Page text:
But, when we level the playing field, the children of almost everyone except the children of the very richest billionaires will be better off than they are now. And the children of those very rich will hardly be poorer. We all benefit by living in a society where more people can contribute to making us all wealthier. To understand why levelling the playing field is essential, imagine if we inherited debt in the same way we do wealth.
If debt were inherited over generations, it’s easy to see how it would quickly leave some trapped in permanent multigenerational poverty, unable to escape no matter how hard they worked or how high an income they managed to secure. The interest on debt would compound over generations and eventually no amount of work would be enough for it to be paid off. Being trapped in debt is something many can understand. But the reverse – inherited wealth – has exactly the same effect on society.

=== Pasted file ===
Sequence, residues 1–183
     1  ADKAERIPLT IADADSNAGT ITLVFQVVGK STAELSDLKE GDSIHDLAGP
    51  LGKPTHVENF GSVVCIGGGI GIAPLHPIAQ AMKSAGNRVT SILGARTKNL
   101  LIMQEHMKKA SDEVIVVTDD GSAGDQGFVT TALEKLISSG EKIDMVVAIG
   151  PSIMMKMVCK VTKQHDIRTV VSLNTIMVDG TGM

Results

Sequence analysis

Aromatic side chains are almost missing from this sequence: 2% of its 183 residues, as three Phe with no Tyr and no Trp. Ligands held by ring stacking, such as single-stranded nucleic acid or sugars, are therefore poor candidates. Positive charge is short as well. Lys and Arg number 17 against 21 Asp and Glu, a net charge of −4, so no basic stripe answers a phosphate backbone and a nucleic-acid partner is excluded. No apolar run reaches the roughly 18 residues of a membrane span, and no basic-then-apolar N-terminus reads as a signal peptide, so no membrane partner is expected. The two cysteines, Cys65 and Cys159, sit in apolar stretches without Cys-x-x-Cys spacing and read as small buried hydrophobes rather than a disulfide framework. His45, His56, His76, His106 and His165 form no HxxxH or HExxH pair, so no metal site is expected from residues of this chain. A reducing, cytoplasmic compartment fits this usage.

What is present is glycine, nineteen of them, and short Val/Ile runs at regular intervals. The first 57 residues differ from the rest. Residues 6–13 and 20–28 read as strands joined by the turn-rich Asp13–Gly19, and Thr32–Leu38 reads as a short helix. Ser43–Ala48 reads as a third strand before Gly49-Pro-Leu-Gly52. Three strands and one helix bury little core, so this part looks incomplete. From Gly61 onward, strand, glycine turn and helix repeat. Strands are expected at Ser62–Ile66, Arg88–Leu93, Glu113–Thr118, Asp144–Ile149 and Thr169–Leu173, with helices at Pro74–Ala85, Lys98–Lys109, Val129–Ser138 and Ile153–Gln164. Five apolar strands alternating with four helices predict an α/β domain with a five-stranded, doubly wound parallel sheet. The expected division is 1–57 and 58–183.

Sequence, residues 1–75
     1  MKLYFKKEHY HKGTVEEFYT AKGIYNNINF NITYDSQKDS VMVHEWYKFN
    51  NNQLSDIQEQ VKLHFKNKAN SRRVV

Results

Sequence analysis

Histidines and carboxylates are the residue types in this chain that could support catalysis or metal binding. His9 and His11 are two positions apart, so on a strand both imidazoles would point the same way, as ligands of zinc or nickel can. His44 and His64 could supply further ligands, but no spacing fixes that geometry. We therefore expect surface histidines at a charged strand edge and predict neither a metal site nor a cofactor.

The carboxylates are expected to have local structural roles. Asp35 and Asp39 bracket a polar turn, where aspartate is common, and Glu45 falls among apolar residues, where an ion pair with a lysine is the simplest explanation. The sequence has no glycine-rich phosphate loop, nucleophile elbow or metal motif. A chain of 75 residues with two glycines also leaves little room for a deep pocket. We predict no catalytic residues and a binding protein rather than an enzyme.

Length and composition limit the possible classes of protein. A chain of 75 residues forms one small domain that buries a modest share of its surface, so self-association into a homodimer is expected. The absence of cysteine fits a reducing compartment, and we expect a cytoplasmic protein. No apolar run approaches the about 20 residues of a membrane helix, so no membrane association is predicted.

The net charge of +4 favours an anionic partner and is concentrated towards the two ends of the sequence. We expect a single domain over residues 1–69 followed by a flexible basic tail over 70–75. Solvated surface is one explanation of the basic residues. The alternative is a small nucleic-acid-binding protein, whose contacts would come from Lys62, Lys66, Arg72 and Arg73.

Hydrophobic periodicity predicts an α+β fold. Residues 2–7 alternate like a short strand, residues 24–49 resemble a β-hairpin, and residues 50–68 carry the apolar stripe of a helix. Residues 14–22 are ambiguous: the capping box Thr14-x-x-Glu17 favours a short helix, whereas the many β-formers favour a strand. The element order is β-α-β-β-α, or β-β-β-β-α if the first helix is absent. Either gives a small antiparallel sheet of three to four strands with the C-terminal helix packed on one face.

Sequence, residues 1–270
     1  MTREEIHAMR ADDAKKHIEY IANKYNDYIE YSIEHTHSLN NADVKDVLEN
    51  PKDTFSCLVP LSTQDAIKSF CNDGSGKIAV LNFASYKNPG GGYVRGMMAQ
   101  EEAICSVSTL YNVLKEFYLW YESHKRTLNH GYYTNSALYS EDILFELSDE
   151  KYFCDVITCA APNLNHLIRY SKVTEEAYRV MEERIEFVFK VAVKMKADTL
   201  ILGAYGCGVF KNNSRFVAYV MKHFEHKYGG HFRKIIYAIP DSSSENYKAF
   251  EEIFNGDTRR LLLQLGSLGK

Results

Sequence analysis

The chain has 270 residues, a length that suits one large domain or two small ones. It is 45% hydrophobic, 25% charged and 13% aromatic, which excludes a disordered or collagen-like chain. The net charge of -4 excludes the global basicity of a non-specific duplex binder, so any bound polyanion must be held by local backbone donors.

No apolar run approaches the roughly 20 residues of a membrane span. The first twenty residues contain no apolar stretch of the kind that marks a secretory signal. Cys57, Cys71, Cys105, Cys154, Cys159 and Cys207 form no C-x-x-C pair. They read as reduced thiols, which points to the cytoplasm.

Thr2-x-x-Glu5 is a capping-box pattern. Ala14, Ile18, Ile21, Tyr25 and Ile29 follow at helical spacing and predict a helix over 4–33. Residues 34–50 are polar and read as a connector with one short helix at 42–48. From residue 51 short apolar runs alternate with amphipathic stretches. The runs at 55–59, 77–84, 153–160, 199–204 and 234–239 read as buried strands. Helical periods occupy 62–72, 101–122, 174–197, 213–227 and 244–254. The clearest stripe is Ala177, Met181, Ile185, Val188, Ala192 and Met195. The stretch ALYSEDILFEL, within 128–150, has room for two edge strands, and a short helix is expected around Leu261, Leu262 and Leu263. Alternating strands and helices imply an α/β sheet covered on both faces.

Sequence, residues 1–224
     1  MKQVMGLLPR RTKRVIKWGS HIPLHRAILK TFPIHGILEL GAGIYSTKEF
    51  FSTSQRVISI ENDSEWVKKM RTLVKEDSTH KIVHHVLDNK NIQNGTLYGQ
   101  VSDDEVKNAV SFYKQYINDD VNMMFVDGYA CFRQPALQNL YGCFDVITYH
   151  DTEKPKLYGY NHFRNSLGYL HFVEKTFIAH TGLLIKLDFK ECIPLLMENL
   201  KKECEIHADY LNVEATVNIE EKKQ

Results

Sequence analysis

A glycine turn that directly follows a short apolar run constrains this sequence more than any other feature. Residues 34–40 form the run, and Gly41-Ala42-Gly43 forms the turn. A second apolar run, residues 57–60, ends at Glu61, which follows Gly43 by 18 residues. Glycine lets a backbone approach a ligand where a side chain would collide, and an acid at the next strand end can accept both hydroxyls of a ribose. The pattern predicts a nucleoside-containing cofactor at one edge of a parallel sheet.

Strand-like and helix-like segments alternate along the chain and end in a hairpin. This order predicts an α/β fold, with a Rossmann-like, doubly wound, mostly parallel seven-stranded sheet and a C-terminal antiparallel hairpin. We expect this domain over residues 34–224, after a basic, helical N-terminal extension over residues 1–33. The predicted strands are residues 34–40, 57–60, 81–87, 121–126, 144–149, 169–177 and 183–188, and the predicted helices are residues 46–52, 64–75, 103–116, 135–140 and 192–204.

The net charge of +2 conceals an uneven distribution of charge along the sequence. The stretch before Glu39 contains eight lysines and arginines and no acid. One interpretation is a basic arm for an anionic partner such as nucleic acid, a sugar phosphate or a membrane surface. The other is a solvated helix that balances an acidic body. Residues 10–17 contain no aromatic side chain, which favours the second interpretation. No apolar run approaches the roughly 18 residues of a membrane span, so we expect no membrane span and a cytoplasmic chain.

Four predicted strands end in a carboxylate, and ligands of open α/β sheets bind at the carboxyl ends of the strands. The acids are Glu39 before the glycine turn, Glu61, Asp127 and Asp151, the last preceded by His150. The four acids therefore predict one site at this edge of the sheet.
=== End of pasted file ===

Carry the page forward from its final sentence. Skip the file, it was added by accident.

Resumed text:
A few people and their descendants, like Benjamin and his magic money printer, have a distortionary effect and control over our society and our energy budgets, reducing the space of the possible, our ability to innovate, and ultimately preventing us from cracking the next energy level that leaves everyone better off. In turn, we gradually enter a new feudalism.
In 2013 French economist Thomas Picketty published Capital in the Twenty-first Century. Over 696 pages, he carefully provided table after table and graph after graph of empirical evidence showing that inequality was a natural consequence of capitalism. Notably, when the rate of return on capital exceeds the rate of economic growth, those with capital (the wealthy) will grow richer at a faster rate than those earning an income. To everyone’s surprise and no doubt his too, the book became a run-away success, a New York Times bestseller.